I've not made much mention of Shirilla's vocal performance, but he is just as strong behind the mic as the rest of the members are on their respective instruments. The majority of Graveyard Poetry features fairly standard stoner-like vocals - plenty of reverb and overdubbing, lending a bit of a spacey and detached vibe. Shirilla contributes plenty of emotion and power, and there are times where he steps a bit outside the box to add some variety. "They, The Tyrants", for example, features harsh vocals more akin to a thrash performance than stoner rock. There's a bit of a Ministry feel to the mechanized riffs and unrestrained solo on this track as well, but the song is by no means out of place. For the most part, though, Shirilla sticks to the tried and true for a rock-solid performance.

Graveyard Poetry is an album that seemed to skid under the radar when it was released. With the genre emerging yet again thanks to bands like The Sword, however, the album has a chance to please a new crop of stoner rock fans. Abdullah is still active and releasing demos, though Simonian has left the group. The band has a wide appeal, so keep your eyes on 'em.



Track Listing
1Rune0:27
2Black Helicopters6:19
3A Dark But Shining Sun3:36
4The Whimper Of Whipped Dogs5:15
5Deprogrammed3:54
6Pantheistic3:40
7Beyond The Mountain4:49
8Salamander5:04
9Strange Benedictions7:14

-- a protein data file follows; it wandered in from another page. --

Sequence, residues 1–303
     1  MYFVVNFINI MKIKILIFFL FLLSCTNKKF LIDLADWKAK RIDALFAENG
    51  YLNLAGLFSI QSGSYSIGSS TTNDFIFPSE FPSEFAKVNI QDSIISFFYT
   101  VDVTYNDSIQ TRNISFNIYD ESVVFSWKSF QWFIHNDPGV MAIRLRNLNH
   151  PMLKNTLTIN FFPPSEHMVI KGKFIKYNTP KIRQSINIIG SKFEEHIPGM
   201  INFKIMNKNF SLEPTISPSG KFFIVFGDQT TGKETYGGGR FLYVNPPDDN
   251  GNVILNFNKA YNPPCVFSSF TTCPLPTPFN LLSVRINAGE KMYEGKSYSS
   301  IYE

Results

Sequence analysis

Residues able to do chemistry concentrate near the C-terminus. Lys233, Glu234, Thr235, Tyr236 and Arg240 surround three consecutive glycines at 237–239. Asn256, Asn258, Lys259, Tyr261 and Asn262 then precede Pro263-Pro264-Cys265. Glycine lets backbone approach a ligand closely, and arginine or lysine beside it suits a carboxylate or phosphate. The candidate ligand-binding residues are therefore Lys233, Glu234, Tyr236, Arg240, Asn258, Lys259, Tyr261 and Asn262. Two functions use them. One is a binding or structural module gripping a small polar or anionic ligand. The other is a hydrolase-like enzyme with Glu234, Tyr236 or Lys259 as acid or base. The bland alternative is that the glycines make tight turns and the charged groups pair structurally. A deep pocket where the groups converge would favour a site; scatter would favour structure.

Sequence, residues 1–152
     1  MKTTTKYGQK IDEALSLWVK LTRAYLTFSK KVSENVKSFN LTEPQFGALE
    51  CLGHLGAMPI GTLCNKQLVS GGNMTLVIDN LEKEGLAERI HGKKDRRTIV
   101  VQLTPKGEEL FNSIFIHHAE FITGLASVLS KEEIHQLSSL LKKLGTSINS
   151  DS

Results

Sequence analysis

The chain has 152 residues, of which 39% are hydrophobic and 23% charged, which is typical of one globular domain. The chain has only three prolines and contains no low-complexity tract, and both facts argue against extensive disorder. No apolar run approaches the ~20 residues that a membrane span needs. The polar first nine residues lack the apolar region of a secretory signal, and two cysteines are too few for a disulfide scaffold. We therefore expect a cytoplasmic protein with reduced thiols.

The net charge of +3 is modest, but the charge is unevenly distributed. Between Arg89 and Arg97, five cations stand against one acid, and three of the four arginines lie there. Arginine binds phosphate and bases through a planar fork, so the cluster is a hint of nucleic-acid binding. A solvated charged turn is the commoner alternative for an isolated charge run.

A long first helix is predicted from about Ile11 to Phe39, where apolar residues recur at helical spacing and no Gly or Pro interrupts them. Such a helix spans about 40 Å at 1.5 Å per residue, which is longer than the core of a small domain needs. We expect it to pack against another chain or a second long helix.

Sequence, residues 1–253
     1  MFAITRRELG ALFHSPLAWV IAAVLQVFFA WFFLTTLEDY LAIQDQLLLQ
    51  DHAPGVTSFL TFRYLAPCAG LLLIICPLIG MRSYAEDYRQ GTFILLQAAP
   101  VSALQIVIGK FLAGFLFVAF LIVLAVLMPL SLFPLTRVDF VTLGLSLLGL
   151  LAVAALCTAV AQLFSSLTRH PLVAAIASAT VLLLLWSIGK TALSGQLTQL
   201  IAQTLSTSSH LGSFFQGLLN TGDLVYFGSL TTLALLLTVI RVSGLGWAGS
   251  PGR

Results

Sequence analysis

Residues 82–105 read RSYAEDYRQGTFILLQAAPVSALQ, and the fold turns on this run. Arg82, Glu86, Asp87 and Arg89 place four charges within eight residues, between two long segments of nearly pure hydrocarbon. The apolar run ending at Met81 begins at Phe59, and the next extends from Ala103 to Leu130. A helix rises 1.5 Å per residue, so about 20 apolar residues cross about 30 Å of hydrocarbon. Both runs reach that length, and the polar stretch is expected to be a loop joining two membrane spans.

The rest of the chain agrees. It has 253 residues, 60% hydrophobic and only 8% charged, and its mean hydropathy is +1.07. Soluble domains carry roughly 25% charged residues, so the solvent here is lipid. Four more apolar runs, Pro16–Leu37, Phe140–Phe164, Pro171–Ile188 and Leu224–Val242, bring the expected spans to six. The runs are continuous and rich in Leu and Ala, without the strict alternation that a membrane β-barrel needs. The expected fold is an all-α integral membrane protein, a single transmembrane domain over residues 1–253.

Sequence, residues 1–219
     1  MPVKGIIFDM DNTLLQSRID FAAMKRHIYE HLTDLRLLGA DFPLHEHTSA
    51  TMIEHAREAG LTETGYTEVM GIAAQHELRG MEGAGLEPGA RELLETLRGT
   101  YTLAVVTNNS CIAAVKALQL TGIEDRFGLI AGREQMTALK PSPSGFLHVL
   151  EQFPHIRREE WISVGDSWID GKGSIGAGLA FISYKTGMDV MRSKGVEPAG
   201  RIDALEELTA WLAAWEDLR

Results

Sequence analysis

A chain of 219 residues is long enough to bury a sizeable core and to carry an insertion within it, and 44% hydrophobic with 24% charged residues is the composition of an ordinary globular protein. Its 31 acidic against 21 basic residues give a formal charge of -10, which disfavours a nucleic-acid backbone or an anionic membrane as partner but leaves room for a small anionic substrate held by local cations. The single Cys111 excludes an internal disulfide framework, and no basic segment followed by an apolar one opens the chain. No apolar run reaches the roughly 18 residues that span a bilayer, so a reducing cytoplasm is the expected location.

10Secret Teachings Of Lost Ages4:05
11Medicine Man4:37
12Guided By The Spirit4:02
13Behold A Pale Horse7:58
14They, The Tyrants3:39
Total Runtime1:04:39


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Review: Brigantia - Chronicles of Doom (2008)

Brigantia [ MySpace | Facebook ]
Chronicles of Doom
(2008)
self-released

From Ireland's County Tipperary comes and interesting new doom metal band called Brigantia. Getting together in 2007, the trio of Dave Gleeson (vocals, guitar), Neill Nevin (bass), and John Clarke (drums) have released their first recording in the form of the appropriately titled Chronicles of Doom demo. Being their first stab at putting together a recording, the production isn't top-notch but it doesn't really have a significant negative impact on the music. Brigantia's identity overcomes the studio deficiencies and stands out sharply, making Chronicles of Doom an intriguing demo.